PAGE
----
Essential Reads

The Price of a High

Children are especially vulnerable when a parent is addicted. The current opioid epidemic makes it imperative that we hear children's voices and understand their felt experience.

Misuse of Stimulants by College Students

Nonmedical use of prescription stimulants by college students is common. Students who misuse these drugs have a higher prevalence of alcohol use disorder and conduct disorder.
ID 7810910 © Elena Elisseeva |

How and Why You Should Keep Your Temper in Check

By Richard Taite on October 21, 2016 in Ending Addiction for Good
At the end of the day we are human, not perfect, and it is okay to make mistakes so long as we learn from them and try to do better.

Cheating? But It Was Just a Webcam!

As our lives have become increasingly digital, the once-clear line between monogamy and infidelity has blurred.

More Posts on Addiction

You May Not Need Those Painkillers

By Temma Ehrenfeld on September 06, 2016 in Open Gently
The brain can be retrained not to perceive pain.

Conquer Distractions With This Simple Chart

By Nir Eyal on September 06, 2016 in Automatic You
New research helps explains how to Conquer Distractions With This Simple Chart

Black Wave: Alcoholism, Creativity, and Today’s Truth

By Ariel Gore on September 05, 2016 in Women and Happiness
"The similarities between being a writer and an alcoholic far outweigh the differences. They both seem to spring from what may be a glitch in my neurochemistry." —Michelle Tea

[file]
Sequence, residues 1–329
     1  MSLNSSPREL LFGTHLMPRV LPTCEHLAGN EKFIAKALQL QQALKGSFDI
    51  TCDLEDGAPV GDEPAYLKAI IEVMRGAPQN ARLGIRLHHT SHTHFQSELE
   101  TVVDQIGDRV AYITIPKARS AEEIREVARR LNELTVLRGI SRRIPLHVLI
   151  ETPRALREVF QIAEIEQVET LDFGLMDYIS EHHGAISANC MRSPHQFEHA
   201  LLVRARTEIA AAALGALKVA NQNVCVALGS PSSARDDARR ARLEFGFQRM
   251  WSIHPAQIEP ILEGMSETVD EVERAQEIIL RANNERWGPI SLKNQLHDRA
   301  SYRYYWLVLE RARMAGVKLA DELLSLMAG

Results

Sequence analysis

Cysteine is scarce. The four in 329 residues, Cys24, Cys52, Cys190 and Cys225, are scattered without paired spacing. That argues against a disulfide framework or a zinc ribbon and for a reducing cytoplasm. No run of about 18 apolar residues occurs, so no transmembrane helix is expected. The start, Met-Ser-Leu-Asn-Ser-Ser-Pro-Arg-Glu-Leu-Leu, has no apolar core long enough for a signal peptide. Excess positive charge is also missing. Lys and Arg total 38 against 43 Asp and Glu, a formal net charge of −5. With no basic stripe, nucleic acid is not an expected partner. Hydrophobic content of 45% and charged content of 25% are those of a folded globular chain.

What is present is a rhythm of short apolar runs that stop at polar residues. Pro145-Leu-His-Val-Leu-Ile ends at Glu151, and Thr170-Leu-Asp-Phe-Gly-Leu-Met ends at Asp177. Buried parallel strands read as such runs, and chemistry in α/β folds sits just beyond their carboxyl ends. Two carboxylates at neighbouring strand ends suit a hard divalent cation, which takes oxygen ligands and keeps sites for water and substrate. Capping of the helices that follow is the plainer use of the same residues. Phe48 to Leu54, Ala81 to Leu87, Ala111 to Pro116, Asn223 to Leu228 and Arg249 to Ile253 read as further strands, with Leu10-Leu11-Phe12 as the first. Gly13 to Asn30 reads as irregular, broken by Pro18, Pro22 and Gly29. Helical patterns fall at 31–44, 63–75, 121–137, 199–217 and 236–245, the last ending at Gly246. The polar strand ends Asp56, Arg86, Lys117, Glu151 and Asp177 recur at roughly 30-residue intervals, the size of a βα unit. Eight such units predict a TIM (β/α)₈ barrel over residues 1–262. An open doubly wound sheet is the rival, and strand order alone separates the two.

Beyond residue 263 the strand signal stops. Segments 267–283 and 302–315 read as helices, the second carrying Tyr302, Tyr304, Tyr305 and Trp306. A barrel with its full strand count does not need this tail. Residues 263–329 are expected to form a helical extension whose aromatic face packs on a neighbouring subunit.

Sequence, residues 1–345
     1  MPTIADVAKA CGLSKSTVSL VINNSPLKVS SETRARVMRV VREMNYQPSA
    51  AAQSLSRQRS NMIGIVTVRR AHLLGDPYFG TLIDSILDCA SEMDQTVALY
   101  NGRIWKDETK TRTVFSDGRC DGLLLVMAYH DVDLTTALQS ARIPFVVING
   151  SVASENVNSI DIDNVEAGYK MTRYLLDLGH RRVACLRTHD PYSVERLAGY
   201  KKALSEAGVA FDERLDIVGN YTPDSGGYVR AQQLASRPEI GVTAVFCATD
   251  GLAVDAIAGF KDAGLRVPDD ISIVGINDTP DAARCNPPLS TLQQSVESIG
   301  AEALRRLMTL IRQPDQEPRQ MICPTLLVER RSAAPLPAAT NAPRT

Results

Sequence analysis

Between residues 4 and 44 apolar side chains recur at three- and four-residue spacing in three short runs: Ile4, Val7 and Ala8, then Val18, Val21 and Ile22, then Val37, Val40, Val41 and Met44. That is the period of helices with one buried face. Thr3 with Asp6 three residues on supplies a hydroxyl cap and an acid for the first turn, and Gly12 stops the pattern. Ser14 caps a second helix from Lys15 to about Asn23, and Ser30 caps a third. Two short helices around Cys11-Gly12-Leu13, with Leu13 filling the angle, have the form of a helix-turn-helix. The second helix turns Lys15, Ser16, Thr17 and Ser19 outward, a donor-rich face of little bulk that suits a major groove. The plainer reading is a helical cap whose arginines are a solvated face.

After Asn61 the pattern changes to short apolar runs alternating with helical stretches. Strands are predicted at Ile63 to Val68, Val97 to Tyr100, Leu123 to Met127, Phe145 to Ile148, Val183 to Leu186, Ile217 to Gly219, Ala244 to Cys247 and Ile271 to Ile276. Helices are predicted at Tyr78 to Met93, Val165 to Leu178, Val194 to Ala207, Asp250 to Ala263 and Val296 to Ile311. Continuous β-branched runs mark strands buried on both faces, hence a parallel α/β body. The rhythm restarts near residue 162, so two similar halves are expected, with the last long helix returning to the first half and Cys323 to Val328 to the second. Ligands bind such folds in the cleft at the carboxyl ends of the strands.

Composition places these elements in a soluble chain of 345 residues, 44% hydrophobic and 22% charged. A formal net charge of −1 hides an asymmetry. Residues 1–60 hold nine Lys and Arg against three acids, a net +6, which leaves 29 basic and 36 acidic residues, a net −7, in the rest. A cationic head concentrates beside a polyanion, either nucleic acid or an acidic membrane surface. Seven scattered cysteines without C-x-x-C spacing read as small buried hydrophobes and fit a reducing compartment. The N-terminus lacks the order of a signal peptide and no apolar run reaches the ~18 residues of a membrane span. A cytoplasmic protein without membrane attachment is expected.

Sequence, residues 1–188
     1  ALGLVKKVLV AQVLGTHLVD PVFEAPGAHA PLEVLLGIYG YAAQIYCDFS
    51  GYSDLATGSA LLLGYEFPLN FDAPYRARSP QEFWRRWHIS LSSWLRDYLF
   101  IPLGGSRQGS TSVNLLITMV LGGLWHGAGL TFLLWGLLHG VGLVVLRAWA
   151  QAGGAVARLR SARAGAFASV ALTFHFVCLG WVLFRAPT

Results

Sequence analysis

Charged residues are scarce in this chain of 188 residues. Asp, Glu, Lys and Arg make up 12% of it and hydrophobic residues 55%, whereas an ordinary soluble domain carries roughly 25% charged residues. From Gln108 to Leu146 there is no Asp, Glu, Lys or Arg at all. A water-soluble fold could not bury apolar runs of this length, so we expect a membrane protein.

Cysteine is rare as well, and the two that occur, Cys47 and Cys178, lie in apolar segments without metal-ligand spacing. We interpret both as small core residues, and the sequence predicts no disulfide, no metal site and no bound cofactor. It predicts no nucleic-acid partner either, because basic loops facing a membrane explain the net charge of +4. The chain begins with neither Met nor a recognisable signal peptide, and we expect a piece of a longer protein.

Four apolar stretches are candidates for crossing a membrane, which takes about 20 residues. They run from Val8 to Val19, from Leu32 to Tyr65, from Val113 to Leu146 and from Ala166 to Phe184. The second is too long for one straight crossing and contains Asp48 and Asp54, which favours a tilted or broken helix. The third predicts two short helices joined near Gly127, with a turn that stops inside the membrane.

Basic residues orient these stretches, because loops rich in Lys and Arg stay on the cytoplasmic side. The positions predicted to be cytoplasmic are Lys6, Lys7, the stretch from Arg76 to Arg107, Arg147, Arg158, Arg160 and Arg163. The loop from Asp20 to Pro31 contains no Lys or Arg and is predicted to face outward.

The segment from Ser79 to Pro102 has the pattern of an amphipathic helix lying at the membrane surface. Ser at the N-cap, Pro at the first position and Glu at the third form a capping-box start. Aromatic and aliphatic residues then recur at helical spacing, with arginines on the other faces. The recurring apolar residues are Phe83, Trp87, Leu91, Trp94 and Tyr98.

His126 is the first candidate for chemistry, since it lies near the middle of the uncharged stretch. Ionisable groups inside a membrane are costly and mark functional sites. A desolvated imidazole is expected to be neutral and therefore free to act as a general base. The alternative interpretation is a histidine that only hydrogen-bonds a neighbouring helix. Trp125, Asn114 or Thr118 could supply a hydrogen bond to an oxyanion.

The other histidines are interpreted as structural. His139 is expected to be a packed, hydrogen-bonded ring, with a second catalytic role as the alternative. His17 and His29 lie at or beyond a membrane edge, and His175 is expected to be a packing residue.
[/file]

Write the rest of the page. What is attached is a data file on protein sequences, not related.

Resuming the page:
Pamela Anderson & Shmuley Boteach: "Porn is for Losers"

By Marty Klein PhD on September 05, 2016 in Sexual Intelligence
An anti-masturbation clergyman and a Baywatch actress join forces to promote a moral panic.

Counting Joy Points Not Calories? A New Angle on Weight Loss

By Laurel Mellin Ph.D. on September 03, 2016 in Rewired
Why not stop counting calories and start counting "joy points'?

Tonic Levels of Dopamine Lubricate Moments of Superfluidity

By Christopher Bergland on September 02, 2016 in The Athlete's Way
Next week in Vienna, neuroscientists will meet for the 2016 Dopamine Conference. In this blog post, I reflect on what I've learned about dopamine through both sport and life.

Not All Excessive Sexual Behavior Is CSB

By Jon E. Grant, JD, MD, MPH, Brian L. Odlaug, PhD, MPH, and Samuel R. Chamberlain, MD, PhD on September 01, 2016 in Why Can't I Stop?
​Just because someone is hypersexual does not mean he or she has CSB (compulsive sexual behavior).

Frosh Week Worries: Overprotected Kids Are the Most at Risk

By Michael Ungar Ph.D. on September 01, 2016 in Nurturing Resilience
There is good research to suggest that children who experience the right amount of stress will do better at college than children of parents who snowplow away problems.

When Blaming the Messenger Pays Off

By Mark Borigini M.D. on August 31, 2016 in Overcoming Pain
The authors of the paper conclude that these findings underscore the importance of the mind-body relationship and have important clinical implications.

Food Addiction Is Not About Willpower

Food addiction is an obsessiveness with food and with your body.

Your Cerebellum May Dictate How Your Brain Handles Alcohol

By Christopher Bergland on August 31, 2016 in The Athlete's Way
A study published today in the Journal of Neuroscience offers fascinating new clues about the brain mechanisms behind reward processing, addiction, and alcohol abuse disorders.

How Much Sex Is Too Much Sex?

By Jon E. Grant, JD, MD, MPH, Brian L. Odlaug, PhD, MPH, and Samuel R. Chamberlain, MD, PhD on August 30, 2016 in Why Can't I Stop?
Normal sexual behavior may be overpathologized (that is, treated as disordered when it is not) if a clinician fails to recognize the wide range of normal human sexual expression...

Our Loved Ones Are Not "Bun Worthy"

By Fran Simone Ph.D. on August 29, 2016 in A Family Affair
When addiction trumps good intentions, loved ones feel betrayed.

Commandeering Cuteness for Commercialism

By Douglas Van Praet on August 27, 2016 in Unconscious Branding
There is a good reason why cute and cuddly baby animals are tugging at your heart and pulling on your purse strings.